Green Low Carbon Agri-Environmental Scheme (GLAS)
GLAS promotes biodiversity, water quality, climate change mitigation, habitat protection and environmentally-friendly farming. The scheme is part of the Rural Development Programme with annual payments up to €5,000 over five years. GLAS has been extended until the end of 2022.
Targeted Agriculture Modernisation Scheme (TAMS)
TAMs provides grants to farmers to build and/or improve a specified range of farm buildings and equipment on their holdings. The scheme offers grant aid of 40% towards the cost of certain investments and 60% in the case of young farmers. Currently, TAMS schemes are available for farm nutrient storage, animal housing, dairy equipment, low emission spreading equipment, animal welfare and farm safety, pig and poultry investments, and organic capital investment. The continuation of this scheme beyond 2022 is unclear.
The Organic Farming Scheme
The organic farming scheme provides financial support to farmers to encourage the production of organic foods. To be eligible for payment you must produce livestock and crop products according to European Union organic standards, complete an approved training course, farm and manage the land according to organic principals which is subject to inspection and have a minimum farm area of 3 hectares. Horticultural producers must have a minimum farm area of 1 hectare.
The EU Directives that apply to farming
The Nitrates Directive
This directive aims to protect water quality around the EU. Slurry is an important resource for farmers but it can cause environmental damage if spreading guidelines are not followed. Slurry cannot be spread on land from 15 October to January 12 / 15th / 31st, depending on where in the country a farm is located. Slurry must not be spread on land when it is waterlogged, flooded, likely to flood, frozen or if heavy rain is forecasted within 48 hours.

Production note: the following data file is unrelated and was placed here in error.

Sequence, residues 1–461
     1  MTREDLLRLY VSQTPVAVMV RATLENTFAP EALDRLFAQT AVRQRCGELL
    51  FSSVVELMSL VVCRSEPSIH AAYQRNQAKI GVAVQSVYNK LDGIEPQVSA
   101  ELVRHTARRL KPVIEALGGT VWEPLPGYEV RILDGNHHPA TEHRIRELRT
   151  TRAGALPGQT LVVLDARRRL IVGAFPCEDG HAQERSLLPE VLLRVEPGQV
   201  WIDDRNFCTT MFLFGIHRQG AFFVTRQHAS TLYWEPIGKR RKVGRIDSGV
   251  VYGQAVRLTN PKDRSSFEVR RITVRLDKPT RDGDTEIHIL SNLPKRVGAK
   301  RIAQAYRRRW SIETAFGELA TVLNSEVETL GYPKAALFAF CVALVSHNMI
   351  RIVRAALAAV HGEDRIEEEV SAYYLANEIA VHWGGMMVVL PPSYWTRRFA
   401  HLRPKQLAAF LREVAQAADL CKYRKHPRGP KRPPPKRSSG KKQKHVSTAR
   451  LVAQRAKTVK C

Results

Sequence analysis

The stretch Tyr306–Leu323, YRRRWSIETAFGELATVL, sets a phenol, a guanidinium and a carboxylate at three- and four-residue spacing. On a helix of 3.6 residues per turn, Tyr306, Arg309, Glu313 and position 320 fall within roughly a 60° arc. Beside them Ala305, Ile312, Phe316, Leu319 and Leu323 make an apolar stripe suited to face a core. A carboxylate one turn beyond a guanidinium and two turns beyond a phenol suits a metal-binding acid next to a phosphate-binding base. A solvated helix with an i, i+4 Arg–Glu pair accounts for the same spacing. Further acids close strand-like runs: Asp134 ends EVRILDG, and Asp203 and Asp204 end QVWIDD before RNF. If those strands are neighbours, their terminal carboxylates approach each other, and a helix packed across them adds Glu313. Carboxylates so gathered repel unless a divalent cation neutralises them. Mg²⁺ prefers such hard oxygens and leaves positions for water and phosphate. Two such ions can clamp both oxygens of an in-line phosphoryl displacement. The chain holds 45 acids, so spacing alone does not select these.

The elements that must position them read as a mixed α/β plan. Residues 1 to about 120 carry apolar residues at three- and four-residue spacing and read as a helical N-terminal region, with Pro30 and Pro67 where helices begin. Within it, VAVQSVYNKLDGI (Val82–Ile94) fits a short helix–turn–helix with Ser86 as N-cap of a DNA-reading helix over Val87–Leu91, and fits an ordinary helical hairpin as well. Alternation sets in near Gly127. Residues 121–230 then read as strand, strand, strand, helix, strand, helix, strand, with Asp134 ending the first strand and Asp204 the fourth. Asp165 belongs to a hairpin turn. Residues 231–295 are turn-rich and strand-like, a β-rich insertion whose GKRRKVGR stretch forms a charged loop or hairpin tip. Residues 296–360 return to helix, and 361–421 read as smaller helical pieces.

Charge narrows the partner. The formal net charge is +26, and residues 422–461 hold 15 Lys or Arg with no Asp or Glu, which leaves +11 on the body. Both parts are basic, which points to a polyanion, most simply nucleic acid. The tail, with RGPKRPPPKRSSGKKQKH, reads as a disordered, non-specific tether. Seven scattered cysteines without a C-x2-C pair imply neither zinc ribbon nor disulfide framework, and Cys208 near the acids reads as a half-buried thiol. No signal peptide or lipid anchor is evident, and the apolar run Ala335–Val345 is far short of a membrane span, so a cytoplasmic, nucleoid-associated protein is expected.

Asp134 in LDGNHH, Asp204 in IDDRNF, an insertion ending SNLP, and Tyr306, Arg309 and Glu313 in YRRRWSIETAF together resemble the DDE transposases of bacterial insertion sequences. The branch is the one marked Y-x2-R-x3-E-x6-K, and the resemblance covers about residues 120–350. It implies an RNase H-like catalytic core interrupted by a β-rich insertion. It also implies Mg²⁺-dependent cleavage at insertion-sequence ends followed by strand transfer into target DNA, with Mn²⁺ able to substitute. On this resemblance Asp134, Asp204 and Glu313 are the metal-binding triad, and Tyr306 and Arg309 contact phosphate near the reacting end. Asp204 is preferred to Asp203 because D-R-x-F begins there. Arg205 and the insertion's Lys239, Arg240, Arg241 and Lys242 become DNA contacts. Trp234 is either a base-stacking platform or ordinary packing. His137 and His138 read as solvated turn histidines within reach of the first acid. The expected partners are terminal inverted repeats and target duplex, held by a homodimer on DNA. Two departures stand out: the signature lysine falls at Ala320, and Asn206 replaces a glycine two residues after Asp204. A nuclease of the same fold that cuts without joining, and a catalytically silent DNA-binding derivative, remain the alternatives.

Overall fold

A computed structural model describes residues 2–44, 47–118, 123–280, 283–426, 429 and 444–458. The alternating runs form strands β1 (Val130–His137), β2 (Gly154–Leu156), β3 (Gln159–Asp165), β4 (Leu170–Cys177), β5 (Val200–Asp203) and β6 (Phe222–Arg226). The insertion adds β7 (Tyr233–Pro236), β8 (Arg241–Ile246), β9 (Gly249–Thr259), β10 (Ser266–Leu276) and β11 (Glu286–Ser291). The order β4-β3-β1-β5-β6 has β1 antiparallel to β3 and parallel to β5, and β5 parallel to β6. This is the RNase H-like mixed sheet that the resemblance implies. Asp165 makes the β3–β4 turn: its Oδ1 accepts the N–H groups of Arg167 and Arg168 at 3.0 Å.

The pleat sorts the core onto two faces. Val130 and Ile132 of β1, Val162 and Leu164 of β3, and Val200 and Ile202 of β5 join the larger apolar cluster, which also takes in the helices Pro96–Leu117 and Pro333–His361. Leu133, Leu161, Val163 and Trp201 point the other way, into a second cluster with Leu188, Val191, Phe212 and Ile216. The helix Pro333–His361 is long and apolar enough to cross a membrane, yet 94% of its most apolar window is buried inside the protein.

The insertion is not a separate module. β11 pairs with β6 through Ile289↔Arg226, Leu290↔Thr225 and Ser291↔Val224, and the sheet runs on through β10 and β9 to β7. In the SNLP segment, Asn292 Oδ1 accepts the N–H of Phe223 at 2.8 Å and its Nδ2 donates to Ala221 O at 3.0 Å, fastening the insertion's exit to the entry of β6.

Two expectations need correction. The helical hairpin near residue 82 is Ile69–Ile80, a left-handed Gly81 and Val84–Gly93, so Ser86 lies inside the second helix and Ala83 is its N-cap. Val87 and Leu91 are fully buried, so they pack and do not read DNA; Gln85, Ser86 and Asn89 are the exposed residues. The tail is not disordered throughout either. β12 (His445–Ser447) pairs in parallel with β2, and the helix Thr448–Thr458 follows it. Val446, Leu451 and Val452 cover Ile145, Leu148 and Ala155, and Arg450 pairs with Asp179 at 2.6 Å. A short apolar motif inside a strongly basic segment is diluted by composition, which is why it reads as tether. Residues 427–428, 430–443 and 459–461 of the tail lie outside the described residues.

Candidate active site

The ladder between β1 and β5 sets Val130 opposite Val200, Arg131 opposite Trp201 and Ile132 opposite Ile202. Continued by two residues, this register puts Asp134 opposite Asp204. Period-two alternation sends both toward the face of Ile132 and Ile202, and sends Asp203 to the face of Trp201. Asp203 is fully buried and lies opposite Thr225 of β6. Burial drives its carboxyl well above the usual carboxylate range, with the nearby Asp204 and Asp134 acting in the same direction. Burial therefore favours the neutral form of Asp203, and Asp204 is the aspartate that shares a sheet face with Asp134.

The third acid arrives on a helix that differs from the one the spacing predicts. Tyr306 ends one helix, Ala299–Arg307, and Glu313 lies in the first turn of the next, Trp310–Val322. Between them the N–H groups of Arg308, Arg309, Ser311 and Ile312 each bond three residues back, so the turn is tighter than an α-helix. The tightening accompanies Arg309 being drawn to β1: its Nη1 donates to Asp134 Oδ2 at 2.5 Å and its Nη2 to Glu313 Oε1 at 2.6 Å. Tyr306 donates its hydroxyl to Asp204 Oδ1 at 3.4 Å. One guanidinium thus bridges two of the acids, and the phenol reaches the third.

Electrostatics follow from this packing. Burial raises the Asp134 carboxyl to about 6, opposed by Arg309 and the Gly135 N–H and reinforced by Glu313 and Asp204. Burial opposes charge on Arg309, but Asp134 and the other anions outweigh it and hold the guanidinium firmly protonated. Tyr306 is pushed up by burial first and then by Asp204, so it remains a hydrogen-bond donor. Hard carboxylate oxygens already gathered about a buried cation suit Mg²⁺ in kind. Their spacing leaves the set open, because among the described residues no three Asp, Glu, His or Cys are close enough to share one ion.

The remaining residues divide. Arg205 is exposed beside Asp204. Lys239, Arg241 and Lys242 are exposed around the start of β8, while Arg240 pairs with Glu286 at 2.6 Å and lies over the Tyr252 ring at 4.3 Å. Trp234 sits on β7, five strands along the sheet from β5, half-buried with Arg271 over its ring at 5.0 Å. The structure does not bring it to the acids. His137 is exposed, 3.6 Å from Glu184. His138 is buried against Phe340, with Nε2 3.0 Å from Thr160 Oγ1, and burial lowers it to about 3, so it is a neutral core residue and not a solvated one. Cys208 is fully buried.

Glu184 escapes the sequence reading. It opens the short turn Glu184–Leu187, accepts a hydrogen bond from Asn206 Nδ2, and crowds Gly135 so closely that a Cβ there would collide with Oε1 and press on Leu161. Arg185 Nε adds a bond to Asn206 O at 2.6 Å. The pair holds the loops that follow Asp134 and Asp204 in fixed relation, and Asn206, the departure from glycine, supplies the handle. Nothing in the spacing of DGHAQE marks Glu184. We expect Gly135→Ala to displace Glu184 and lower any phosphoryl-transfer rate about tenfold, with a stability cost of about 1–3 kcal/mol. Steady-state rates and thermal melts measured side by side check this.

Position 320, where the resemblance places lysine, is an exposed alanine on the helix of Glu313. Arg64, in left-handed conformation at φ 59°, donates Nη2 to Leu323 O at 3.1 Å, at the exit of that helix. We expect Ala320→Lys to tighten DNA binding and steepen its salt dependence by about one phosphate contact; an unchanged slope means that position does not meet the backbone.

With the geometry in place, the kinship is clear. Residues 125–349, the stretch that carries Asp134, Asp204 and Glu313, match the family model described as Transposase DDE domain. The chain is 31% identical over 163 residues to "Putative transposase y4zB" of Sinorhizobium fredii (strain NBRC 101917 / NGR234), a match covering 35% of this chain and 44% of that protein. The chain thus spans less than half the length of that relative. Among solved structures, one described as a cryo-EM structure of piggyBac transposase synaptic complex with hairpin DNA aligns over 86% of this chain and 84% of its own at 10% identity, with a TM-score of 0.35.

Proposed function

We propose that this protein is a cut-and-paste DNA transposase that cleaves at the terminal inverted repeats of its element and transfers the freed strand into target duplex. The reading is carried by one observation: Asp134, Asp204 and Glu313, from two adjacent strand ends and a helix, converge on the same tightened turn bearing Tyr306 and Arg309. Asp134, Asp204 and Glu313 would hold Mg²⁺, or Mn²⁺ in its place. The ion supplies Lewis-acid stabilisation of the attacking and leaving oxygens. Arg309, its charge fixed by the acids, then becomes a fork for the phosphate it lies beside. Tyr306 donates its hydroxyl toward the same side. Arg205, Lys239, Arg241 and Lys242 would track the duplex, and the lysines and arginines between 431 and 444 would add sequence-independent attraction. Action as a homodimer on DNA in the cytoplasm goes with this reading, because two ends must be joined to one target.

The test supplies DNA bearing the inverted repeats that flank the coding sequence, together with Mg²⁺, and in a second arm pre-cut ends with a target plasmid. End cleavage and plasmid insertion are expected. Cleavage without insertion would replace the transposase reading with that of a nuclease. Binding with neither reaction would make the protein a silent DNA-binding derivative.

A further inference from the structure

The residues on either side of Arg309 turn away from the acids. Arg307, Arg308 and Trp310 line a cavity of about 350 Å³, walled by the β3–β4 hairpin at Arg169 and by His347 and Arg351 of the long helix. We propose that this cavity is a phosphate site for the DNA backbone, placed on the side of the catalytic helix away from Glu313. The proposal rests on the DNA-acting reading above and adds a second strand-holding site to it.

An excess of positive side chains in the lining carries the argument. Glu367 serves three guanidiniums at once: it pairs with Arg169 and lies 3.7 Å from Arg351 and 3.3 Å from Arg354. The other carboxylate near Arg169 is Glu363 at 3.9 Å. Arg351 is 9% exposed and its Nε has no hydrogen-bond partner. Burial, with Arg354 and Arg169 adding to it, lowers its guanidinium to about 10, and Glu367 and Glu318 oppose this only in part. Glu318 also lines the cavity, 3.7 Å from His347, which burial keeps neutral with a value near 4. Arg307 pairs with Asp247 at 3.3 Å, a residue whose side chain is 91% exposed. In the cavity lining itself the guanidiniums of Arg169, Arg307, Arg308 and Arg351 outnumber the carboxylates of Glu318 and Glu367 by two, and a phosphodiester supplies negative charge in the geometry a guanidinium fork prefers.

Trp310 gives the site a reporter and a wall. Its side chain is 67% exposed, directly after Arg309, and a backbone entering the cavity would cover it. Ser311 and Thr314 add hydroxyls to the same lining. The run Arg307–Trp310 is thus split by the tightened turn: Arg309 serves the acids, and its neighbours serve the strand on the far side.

The Sustainable Use Directive
This directive covers the use of pesticides within agricultural and horticulture in Ireland. It applies to all who use plant protection measures such as fungicides, insecticides or weedkillers. The directive aims to protect human health and promote integrated pest management. There are guidelines for appropriate storage, handling and labelling of pesticides. Inspection of boom sprayers must be carried out every three years.
The Habitats Directive & The Birds Directive
Both of these wildlife directives apply on farms and elsewhere around the country. Farms provide important habitat for wildlife but not all of these farmland habitats are in good ecological condition. The Habitats Directive mandates that all wild flora and fauna and their habitats are protected from unreasonable harm. Important farmland habitats include hedgerows, meadows, ponds and ditches.
The Birds Directive specifically aims to protect birds, their nests and eggs from capture or harm and offers special protection for internationally important populations of birds.